According to Food and Agriculture Organization (FAO) of the UN, while there are over 800 million people who suffer from hunger, over 670 million adults and 120 million girls and boys (5-19) are obese, and over 40 million children under five are overweight. It has been observed that a combination of unhealthy diets and sedentary lifestyles has sent obesity rates soaring, not only in developed countries, but also in low-income countries, where hunger and obesity often coexist. Pakistan happens to be one of those countries where we find a stark contrast in terms of food-related conditions. Studies have shown that the country has a prevalence of malnutrition, especially in children; and at the same time, statistics show that 20 per cent of the population is overweight whereas around 4 per cent is obese.
There is a disparity in the rich and poor, and an inequitable distribution of wealth and opportunities. While this is one of the major reasons of this phenomenon, there are more critical issues that factor in as well. Climate change threatens to reduce both the quality and quantity of crops, lowering yields and rising temperatures are also exacerbating water scarcity. This furthermore emphasises the need to implement eco-conscious practices at every level.
World Food Day (WFD) is celebrated each year on 16th October to promote worldwide awareness for those who suffer from hunger and the need to ensure food security and nutritious diets for all. This year, WFD focused on taking action across sectors to make healthy and sustainable diets affordable and accessible to everyone along with nurturing the planet.
We all need to limit our consumption of foods that are high in salt, sugar and trans and saturated fats and make healthy eating as part of our daily lives. However, for most working professionals, the last thing they want to do at the end of a long day is to cook, so cheap takeaway meals are appealing. And while there are many food joints and cafes popping up in every nook and corner, there is only handful that serve healthy food which isn’t too cheap either.
Mrs Ahsan is a 37-year-old working mom who is switching to a healthier lifestyle. However, she faces quite a few hurdles to be consistent in her routine, “I work a 9-to-5 and when I come back, I have to look after my family. Clean eating is been exhausting at times, not because of what I have to eat, but because of how much it costs and how much time is needed to plan meals for the day. While I know that the fad diets aren’t the best but the cost of wholesome food leave me no choice. Eating a bowl of colourful veggies and fruits costs around the same as an average meal but it isn’t as fulfilling. Good meat is expensive and for one meal, it can buy me three different meals. So, to be consistent with my diet, I focus on one type of food,” she tells.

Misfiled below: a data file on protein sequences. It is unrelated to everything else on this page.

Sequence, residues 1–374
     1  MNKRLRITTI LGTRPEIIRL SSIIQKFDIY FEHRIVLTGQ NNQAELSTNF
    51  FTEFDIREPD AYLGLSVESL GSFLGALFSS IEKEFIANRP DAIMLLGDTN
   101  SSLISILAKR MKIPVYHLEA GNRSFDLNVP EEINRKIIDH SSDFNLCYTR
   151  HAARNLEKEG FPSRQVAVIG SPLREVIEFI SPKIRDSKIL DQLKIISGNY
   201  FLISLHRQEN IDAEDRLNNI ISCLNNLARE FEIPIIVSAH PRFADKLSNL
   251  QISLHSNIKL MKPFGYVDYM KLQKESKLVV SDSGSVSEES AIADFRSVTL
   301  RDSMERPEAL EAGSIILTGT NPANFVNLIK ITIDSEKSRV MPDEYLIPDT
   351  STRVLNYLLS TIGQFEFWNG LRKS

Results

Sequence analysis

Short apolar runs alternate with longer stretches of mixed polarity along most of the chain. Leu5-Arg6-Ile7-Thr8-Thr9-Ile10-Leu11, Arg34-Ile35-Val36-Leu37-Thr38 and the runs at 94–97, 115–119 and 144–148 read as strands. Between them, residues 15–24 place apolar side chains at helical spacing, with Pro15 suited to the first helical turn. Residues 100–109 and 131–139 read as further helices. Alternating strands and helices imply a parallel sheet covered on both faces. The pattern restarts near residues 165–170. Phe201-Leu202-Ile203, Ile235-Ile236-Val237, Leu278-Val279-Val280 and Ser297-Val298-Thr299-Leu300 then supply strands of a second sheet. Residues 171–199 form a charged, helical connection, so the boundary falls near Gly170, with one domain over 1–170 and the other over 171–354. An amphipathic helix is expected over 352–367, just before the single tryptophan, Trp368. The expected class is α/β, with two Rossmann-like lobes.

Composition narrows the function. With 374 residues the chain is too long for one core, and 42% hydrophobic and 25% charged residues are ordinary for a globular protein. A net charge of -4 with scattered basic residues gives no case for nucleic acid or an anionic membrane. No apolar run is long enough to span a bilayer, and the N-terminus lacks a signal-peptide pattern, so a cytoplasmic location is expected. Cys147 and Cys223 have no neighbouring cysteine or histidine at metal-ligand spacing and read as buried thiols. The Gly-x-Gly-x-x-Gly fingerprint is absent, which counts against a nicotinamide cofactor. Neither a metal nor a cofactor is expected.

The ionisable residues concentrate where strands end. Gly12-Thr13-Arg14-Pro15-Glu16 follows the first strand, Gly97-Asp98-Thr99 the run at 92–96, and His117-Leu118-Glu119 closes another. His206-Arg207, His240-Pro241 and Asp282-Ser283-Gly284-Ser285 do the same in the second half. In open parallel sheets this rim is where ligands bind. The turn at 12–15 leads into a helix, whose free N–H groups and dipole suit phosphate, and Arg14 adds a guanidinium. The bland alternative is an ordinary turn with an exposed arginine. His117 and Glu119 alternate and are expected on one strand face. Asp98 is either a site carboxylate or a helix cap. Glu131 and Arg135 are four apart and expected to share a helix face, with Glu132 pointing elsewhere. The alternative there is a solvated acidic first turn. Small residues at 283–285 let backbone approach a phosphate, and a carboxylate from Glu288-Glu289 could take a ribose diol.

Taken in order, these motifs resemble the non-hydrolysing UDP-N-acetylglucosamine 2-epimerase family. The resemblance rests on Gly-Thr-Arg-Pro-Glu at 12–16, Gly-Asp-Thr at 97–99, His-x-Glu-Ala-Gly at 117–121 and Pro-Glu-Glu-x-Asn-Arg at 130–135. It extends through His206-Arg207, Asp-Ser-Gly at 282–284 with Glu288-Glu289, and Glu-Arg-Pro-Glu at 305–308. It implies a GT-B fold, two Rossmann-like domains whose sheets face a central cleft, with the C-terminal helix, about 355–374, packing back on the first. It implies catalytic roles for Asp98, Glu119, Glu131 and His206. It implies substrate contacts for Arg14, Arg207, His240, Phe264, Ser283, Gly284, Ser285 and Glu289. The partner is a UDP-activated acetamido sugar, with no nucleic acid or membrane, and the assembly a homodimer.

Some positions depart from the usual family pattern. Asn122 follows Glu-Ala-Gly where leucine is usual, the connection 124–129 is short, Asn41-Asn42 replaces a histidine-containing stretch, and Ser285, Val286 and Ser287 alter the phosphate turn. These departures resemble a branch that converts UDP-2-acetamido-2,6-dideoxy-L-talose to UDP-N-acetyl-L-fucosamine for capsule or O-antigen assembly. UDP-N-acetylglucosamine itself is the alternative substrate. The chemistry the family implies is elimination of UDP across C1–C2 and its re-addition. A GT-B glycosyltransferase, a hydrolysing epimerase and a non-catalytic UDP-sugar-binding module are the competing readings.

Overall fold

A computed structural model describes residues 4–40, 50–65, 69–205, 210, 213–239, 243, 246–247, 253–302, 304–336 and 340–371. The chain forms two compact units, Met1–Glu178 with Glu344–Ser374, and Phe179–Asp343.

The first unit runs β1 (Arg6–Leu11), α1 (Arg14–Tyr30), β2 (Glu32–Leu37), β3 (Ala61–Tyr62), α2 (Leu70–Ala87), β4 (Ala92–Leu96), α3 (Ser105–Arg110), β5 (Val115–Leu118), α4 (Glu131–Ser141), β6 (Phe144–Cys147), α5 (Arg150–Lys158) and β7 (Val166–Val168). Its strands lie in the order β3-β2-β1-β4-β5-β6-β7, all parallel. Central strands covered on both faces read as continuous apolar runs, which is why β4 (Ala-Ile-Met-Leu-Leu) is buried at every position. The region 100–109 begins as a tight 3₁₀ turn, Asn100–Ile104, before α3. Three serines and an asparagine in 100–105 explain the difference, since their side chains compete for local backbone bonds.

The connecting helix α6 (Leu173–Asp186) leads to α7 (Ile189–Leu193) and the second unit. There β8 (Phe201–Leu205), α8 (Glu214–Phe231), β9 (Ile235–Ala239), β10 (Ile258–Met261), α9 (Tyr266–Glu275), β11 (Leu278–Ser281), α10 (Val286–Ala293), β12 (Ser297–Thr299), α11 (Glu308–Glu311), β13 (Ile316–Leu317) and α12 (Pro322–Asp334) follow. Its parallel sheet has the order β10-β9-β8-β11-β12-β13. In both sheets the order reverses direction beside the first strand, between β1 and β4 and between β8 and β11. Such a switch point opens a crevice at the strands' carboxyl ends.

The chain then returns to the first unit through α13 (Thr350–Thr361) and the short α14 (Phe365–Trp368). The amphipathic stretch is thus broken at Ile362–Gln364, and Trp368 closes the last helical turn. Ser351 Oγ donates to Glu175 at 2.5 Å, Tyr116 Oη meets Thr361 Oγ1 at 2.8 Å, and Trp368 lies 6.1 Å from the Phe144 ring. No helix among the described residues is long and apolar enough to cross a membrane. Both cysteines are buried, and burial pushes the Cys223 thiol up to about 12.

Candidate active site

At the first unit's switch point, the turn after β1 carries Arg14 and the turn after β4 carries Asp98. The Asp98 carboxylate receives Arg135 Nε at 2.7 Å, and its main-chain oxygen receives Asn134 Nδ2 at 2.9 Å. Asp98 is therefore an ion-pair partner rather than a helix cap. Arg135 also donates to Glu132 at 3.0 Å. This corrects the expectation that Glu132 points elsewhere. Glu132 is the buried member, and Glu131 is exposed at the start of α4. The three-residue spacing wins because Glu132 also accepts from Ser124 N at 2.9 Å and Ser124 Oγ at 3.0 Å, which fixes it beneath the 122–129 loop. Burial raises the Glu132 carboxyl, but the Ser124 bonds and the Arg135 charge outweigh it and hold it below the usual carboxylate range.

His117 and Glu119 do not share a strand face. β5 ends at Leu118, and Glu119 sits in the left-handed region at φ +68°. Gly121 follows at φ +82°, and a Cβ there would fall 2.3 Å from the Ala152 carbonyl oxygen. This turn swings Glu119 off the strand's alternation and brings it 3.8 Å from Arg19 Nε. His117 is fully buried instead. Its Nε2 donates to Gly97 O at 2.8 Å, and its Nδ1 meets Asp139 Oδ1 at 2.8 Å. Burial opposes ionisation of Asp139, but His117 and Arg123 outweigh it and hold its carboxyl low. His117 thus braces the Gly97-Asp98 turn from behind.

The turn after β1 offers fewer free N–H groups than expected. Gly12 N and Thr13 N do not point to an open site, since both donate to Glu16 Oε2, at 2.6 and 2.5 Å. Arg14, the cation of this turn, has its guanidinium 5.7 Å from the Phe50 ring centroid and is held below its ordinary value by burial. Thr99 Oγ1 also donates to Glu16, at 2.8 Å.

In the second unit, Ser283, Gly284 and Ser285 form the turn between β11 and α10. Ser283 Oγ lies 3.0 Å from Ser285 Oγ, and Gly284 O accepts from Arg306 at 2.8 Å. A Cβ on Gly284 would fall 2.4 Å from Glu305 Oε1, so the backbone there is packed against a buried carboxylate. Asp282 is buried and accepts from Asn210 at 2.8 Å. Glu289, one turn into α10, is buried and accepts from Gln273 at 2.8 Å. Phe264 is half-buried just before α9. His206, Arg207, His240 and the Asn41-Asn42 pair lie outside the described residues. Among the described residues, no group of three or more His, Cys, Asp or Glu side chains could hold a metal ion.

Mrs Ahsan is one example of many, even though her position would still be considered a privilege.
“It is simple economics. When you have such a large population and life becomes much faster like it is today, people look at convenience. With the consumerism we live in, it becomes easier to swing by a burger joint or get a kebab roll, rather than cook food,” affirms environmental activist and horticulturist, Tofiq Pasha Mooraj. “To feed a large population, you get into mass production of food which requires certain things to increase the shelf life of perishables. For that, you can genetically modify fruits and vegetables, removing sugars which decrease its nutritional value along with its flavour. The same things happen to other foods like chicken and wheat,” he adds.
Achieving ‘Zero Hunger’ is not a one-man job. Zero Hunger is a vision of the world free from hunger, malnutrition and rural poverty achieved through integrated approach and the transformation of food systems. For this, the civil society, stakeholders and governments need to work in harmony to reach this goal. However, the primary responsibility for ensuring the right to adequate food and the fundamental right to freedom from hunger rests with the government. “Pakistan has previously faced food scarcity on a number of occasions. During one of these times, the government imposed some policies that were going to help utilise the resources mindfully such as the two meatless days in a week. It was implemented across Pakistan and no one was to buy or sell meat on these particular days. For two days out of seven, there was a 15 per cent decrease in the meat demand; just by a simple order that was passed. This was a good measure and while restaurants and hotels complied, others found ways to get around it and served meat. So, we need to work together in order to make a difference,” highlights Tofiq Pasha.
While policies play a pivotal role in bringing a substantial change, the State currently struggles with its own set of issues. Not only do they have to feed 200 million people, but they also need to provide them with safe food not the processed; ridden with pesticides and chemical fertilisers. Shedding light on sustainable agricultural practices, Pasha illuminates, “I think sustainable agricultural and irrigation practices must be brought in. To be able to protect the plants, new methods and modern techniques of growing and irrigation must be used without using chemicals. For this, you still need another 10 years of research and development. Other than that, we need more land to grow organic food. The seasons are getting shorter and crops can get infected if we don’t use chemicals. This is why we need to come up with a lot of research and development in order to control it and also to control the population increase in order to make the ends meet.”